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Friday, 20 May 2016

Green Room (2015) vs Der Bunker (2015)

Normally if I go to the cinema during the week, the film I choose would form the centrepiece of my weekly ramblings. Not this week! Having been conned by a run of super-positive reviews, a 7.7 rating on IMDb, and my general fondness for the horror genre, I went to see "Green Room" which was flaunted as art-house gore. What a crock and what a incredibly awful film!

I really don't want to waste too much time on this over-hyped flick, but will just say that the whole premise of a rock-punk band being held captive by a bunch of neo-Nazis led by Patrick Stewart was marred by an illogical plot, terrible dialogue, and a cast of interchangeable actors that one didn't give two hoots about. Leads Anton Yelchin and Imogen Poots were super-bland and I bet Stewart would love to delete this movie from his filmography. The only bit I liked was when one of the wounded killer-dogs (yes, people were ripped to pieces by dogs) traipsed off to find his dead master to rest his weary head. Ahhh....

Now you may think that a film titled "Der Bunker" would also be about neo-Nazis or at least some kind of war movie, but no. This German movie by first-time feature director Nikias Chryssos was more of a horror flick than the Stewart fiasco -- without any gore let it be said, but full of quirky action. For lovers of the truly off-beat, amongst whom I would number myself, this film is something very different indeed. There are only four characters; Pit Bukowski, credited merely as 'The Student' ploughs through a snowy and barren landscape to reach the underground bunker-like residence of 'The Father' and 'The Mother', who have advertised a delightful room to rent, where he hopes to continue his unspecified research in pleasant peace and calm. He is shown into a dimly-lit, low-ceilinged, sparsely furnished space with no windows ('if the light can't get in, neither can it get out' says Father).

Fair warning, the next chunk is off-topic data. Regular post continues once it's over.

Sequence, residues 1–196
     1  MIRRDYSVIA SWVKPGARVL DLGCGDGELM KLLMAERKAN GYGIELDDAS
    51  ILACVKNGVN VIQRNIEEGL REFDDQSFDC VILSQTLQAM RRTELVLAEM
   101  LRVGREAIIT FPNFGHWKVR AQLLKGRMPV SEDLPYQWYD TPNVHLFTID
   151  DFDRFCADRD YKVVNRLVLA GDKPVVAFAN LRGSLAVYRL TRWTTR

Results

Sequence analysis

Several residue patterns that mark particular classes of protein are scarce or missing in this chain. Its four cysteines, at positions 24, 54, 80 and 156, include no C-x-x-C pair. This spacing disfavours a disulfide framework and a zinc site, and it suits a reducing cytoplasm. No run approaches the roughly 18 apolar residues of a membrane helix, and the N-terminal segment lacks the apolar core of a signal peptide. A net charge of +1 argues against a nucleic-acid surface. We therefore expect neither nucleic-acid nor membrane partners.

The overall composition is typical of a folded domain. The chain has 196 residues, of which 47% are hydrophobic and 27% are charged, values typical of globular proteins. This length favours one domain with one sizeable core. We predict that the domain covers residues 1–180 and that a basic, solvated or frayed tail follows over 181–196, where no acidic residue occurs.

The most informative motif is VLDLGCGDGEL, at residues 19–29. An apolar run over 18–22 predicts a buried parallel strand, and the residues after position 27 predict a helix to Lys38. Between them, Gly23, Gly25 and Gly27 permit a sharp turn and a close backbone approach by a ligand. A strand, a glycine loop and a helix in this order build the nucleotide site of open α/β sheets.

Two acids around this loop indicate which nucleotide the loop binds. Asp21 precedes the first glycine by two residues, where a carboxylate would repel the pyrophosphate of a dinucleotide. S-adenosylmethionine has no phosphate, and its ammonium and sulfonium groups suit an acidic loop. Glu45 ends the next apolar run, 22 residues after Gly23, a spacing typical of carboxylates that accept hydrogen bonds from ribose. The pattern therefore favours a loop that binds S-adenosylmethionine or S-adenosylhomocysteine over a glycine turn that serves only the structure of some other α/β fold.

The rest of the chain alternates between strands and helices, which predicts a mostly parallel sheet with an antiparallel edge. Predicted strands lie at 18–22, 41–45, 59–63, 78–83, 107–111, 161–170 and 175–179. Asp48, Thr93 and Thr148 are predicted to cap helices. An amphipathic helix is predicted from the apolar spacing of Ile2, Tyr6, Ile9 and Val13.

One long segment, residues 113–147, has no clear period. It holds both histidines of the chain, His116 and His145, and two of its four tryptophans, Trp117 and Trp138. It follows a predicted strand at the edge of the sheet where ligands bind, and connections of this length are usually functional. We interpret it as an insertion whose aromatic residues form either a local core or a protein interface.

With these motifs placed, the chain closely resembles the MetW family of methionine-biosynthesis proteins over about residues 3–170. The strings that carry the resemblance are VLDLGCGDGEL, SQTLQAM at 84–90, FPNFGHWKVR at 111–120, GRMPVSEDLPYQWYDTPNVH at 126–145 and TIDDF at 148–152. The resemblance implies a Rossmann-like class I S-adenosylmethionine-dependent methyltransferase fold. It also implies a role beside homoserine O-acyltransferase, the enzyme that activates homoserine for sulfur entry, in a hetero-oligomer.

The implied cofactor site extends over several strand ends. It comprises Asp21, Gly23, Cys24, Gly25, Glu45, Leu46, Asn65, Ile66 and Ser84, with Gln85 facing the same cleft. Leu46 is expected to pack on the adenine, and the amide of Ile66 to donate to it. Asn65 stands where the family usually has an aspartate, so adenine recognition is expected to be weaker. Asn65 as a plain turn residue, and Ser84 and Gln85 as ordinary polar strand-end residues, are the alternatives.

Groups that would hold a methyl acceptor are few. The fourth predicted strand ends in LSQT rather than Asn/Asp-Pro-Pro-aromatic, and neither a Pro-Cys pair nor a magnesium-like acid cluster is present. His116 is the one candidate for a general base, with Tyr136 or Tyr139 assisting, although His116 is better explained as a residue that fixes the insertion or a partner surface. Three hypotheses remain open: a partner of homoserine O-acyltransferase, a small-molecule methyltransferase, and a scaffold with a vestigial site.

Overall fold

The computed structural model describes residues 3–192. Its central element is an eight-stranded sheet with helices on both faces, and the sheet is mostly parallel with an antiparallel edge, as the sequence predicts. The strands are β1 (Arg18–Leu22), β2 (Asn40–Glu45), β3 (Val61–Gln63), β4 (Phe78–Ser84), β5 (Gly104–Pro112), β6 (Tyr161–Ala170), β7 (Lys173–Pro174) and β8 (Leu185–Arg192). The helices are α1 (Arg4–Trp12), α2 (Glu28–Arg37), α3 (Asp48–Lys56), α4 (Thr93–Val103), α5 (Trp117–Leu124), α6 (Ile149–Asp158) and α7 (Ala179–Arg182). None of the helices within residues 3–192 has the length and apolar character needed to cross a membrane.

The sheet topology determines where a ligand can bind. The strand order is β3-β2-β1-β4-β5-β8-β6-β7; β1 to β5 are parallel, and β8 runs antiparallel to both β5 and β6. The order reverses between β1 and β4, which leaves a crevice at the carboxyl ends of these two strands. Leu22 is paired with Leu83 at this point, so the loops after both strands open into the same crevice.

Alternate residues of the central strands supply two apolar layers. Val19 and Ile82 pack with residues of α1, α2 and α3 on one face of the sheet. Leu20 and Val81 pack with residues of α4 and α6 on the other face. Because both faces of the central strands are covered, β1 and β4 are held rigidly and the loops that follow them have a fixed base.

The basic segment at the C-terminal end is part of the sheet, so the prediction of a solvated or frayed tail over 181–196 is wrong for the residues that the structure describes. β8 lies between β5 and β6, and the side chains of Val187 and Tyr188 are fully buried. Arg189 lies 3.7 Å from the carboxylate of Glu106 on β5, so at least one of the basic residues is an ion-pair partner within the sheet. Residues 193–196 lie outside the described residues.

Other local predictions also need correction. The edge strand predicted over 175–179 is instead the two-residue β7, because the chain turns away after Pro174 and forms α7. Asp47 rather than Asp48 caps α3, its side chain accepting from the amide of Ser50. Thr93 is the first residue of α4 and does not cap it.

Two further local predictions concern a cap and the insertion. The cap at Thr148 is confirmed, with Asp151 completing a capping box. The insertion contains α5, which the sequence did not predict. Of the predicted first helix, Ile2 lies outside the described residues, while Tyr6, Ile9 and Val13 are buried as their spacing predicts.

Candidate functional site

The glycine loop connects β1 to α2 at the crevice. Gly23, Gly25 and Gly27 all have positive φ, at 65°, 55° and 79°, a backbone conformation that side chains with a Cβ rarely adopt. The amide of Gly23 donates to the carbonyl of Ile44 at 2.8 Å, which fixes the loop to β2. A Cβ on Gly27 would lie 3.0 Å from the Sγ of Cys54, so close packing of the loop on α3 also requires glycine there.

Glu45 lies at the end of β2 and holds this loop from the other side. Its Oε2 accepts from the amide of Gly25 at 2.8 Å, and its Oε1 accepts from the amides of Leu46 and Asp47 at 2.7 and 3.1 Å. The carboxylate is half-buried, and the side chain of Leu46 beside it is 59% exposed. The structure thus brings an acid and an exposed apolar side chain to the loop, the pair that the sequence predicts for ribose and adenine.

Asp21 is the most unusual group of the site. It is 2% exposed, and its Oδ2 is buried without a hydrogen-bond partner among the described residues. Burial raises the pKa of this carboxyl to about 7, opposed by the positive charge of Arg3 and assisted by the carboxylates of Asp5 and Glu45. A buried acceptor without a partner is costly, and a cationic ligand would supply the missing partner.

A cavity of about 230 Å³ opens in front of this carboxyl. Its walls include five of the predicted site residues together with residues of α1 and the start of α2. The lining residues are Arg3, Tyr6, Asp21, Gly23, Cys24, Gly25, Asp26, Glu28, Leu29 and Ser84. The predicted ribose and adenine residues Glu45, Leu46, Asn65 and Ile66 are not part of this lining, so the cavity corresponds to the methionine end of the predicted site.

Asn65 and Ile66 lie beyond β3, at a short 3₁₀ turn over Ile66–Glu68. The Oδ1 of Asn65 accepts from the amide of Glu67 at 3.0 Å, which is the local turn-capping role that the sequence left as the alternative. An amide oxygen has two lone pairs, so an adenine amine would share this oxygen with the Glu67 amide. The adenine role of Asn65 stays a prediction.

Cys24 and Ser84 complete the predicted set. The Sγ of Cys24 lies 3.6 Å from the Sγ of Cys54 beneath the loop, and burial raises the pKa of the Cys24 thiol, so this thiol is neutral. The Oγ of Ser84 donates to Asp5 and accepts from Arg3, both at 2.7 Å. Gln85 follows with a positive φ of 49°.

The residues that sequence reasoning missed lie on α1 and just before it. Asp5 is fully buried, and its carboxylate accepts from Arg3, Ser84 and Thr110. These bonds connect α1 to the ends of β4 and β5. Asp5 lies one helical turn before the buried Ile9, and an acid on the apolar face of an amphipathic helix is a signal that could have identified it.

At dinner that night Father keeps a record of each dumpling consumed and each serviette used to charge the impoverished student accordingly. He suggests that Bukowski might work off his debt by helping with the chores and in particular taking over the home-schooling of their son Klaus, who they feel is remarkably stupid and unable to learn the important facts (like all the capitals of every country)  that will one day allow him to become President (weirdly of the United States!). I guess Klaus is meant to be a teenager, but he's a great lump dressed like a very young boy a la Little Lord Fauntleroy, and he is played by Daniel Fripan, a 5'3" actor who is 31 years old.

The weirdness doesn't end there. When Klaus is a good boy he is rewarded by being able to feed at his mother's bare breast and merrily slurps away. The family's idea of fun is the occasional 'joke evening' where Mother and Klaus cuddle on the sofa while Father reads out the corniest of old chestnuts. Mother also seems to be in some sort of spiritual connection with a former lodger, with whom she communicates through a cupboard and who manifests himself as a growing, throbbing gash on her leg. Klaus eventually memorises all the capitals after suggesting that the capital of France is Mama-chusetts, but only after the Student has thrashed and bloodied his hands. He also teaches Klaus how to 'play', the concept of which is completely foreign to the lunkhead, and they gallivant about in their classroom playing catch and horsey. After a disastrous birthday celebration, Klaus wants to leave home much to Mother and Father's dismay...but the student is fated to remain in the bunker to carry on his domestic duties.

I've only touched on the inherent strangeness of this unusual film, which becomes even more outlandish as it progresses. I'd recommend your seeking it out, but I suspect that it will never feature amongst Amazon's best-sellers or be readily available to view, unlike the miserable "Green Room".
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